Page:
Art Nouveau Furniture & Hardware Choices
Art Nouveau furniture is a style of furniture dating back to Europe from approximately 1878 to 1905 and is usually credited to a group of architects from Vienna. With the industrialization of the times, most furniture was mass-produced and fairly plain. Art Nouveau craftsmen shunned the mass produced furniture of the period and yearned to take decorative arts to the level of fine arts. The furniture was designed to compliment the ornate architecture that was gaining popularity. This style garnered most of its attention when it appeared at the Paris Exposition in 1900, where its unique and bold appearance made people take notice. The sharp but elegant curves were something that people hadn't seen before, other than with the overly heavy style of Queen Anne furniture. While beautiful and popular, it was usually seen in the homes of those who could afford such works of art. The curves of the "curly" furniture and the intricacies of the pieces drove up the cost. Later, in protest of this style, Art Decco would evolve would cubist furniture.
A popular style in Europe, this furniture gets its inspiration from nature or the lines of the female human body. As opposed to the straight line style of Hepplewhite, Art Nouveau sometimes resembled tree trunks or vines, with long curves and complex spirals. Typical motifs of Art Nouveau include flowers, insects, and birds. The insects, birds, and flowers were usually inlaid or carved into the wood. Curls and lines that resembled smoke or seaweed waving in the ocean were either inlaid or built onto the furniture for added texture. It was very common for images of vines climbing the sides of furniture to be featured, as well. Art Nouveau furniture was typically made using walnut or mahogany as the base and a secondary wood, such as oak for the inlays. It was often embellished with wrought iron or stained glass.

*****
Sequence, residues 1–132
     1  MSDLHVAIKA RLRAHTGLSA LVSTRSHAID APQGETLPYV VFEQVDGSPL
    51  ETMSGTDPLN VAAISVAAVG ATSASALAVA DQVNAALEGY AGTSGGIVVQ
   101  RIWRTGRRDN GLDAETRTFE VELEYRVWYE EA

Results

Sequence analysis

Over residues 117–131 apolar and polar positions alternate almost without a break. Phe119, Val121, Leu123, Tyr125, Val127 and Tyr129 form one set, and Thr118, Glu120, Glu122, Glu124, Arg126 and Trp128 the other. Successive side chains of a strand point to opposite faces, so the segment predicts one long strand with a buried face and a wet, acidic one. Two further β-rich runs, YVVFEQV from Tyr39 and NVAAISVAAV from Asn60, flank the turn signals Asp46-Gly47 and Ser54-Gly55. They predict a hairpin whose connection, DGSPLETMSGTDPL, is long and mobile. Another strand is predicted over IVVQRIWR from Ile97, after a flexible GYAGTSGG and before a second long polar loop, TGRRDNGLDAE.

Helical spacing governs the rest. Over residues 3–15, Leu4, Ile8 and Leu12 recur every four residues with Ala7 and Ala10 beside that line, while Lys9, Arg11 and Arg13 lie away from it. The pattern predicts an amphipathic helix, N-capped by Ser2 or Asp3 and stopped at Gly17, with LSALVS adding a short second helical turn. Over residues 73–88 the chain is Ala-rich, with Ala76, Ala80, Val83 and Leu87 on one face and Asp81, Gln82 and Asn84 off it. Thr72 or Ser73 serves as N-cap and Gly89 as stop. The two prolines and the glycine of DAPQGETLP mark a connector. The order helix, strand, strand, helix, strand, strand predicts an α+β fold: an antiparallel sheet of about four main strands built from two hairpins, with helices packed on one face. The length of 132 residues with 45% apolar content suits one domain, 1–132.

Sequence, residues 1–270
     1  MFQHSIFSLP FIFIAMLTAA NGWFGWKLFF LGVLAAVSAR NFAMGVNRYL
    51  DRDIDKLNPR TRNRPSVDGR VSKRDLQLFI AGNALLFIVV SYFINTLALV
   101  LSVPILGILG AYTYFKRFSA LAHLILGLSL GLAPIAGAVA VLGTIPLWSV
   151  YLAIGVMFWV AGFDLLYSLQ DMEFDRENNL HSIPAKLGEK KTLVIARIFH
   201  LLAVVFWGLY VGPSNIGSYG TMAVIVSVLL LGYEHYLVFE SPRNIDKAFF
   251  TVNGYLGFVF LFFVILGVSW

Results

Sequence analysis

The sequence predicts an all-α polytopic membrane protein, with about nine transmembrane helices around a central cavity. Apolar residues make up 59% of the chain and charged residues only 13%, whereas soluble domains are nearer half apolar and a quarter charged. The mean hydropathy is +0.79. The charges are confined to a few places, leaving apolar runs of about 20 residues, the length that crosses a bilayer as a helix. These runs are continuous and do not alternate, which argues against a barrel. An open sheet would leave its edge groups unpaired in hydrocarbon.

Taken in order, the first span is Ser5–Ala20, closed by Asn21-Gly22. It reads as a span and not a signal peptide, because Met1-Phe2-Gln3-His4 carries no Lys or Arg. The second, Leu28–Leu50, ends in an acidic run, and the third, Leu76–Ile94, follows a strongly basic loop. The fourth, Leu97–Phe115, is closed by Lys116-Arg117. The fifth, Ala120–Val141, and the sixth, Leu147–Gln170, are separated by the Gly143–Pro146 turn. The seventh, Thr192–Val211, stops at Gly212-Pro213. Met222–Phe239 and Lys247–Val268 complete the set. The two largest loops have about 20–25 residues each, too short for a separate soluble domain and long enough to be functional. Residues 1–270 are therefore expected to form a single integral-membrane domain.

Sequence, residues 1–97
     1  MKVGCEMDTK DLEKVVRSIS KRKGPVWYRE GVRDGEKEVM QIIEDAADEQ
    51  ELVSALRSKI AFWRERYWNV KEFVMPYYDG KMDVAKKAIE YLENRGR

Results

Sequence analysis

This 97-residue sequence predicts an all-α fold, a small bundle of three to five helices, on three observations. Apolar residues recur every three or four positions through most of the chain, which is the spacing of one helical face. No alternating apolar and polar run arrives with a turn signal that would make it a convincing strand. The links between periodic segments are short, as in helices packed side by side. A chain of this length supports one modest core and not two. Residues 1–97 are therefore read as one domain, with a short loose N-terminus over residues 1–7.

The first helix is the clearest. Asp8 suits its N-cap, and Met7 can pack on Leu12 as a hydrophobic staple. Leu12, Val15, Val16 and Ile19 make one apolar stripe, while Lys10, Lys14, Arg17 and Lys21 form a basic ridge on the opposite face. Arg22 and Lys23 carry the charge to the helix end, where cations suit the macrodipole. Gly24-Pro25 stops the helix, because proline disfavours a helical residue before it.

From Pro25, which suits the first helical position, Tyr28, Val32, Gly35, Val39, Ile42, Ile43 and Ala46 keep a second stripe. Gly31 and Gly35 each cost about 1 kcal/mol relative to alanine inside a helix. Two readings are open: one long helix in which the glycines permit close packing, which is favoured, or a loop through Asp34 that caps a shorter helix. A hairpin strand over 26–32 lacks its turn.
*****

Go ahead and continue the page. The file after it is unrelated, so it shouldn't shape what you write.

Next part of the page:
Hardware found on Art Nouveau furniture is just as ornate as the furniture itself. Pulls and handles were often bronze with intricate stampings. These stampings were created by using a die made from steel. A punch would be carved into the steel with every detail reversed and must be a few thousandths of an inch smaller than desired to allow for the bronzing. The designs of the hardware matched the wood carving motif and were very naturalistic and three dimensional. These designs had sweeping curves with sharp angles, and was often referred to as "whiplash" since the often resembled the look of a whip as it lashed out. The most popular motif on hardware is seaweed and vines since they are featured on a majority of the furniture from the period. Like the wood carvings, it is also common to see insects, birds, or flowers stamped into the hardware.
Art Nouveau Availability
Today, Art Nouveau pieces are a highly prized commodity for those with the budget to afford them. Fortunately, replacement hardware for these pieces can be found by credible retailers who know exactly what the term "Art Nouveau" entails. At LookInTheAttic & Company - we have an entire line of carefully recrafted Art Nouveau hardware and lighting that can be tailored to your specific needs.